Thailand Untapped: The Global Reach of Engineers Without Borders, a documentary featuring the experiences of three Rutgers engineering students who traveled to Thailand in 2010 with the hope of fixing a rural village’s failing water system, has won the 2013 Home Grown Documentary Short award from the Garden State Film Festival.
The 37-minute film features Rutgers students Liz Silagi, Jon Tarczewski and Carly Rogers, working under the auspices of the volunteer organization Engineers Without Borders, as they travel to a province in northern Thailand to bring clean, potable water to the village of Nong Bua. The film highlights the challenges and obstacles the students faced during their journey.
Directed by Dena Seidel, director of the Rutgers Center for Digital Filmaking and produced by a team of student filmmakers from Rutgers Writers House who accompanied the engineering students to Thailand, the film depicts the race against the clock to implement a water filtration system during a period of prolonged political unrest in Thailand.
The student documentary team included Chantal Eyong who served as producer, editor and cinematographer; Steve Holloway as associate producer, cinematographer and co-editor; and Mark Mancini who created the original music and animation.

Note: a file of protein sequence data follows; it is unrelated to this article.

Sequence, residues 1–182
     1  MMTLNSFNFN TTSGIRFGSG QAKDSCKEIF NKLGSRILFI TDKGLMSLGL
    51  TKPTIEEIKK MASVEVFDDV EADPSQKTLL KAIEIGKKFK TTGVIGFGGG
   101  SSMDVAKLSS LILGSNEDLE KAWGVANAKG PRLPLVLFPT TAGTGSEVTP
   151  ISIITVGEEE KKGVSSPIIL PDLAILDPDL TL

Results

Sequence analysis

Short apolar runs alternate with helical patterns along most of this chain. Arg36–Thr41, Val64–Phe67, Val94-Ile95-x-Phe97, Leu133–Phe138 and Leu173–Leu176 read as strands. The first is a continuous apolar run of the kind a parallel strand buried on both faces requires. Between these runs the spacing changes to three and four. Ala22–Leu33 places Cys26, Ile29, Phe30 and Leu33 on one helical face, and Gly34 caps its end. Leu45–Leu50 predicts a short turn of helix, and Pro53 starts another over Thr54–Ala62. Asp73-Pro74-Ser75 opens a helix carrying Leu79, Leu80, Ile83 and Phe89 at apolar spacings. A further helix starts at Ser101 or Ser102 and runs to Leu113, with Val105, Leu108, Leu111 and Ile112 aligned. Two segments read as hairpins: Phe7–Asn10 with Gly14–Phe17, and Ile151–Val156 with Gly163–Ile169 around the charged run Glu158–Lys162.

The film was also a New Jersey Film Festival selection and was screened at the La Femme International Film Festival in Hollywood in 2012. Thailand Untapped premiered on television on NJTV as part of the new NJDocs series and can be viewed on its website.
The Engineers Without Borders chapter at Rutgers was established in 2005. In addition to initiatives in Thailand, the chapter has participated in projects in Kenya and Guatemala. Locally, the chapter has helped implement a local community service project in Camden in collaboration with Rutgers Cooperative Extension and Camden Agricultural Coalition.
Faculty members Donna Fennell and Chris Obropta from the Department of Environmental Sciences as well as a number of Bioresource Engineering students affiliated with the School of Environmental and Biological Sciences have been involved in the local chapter of Engineers Without Borders.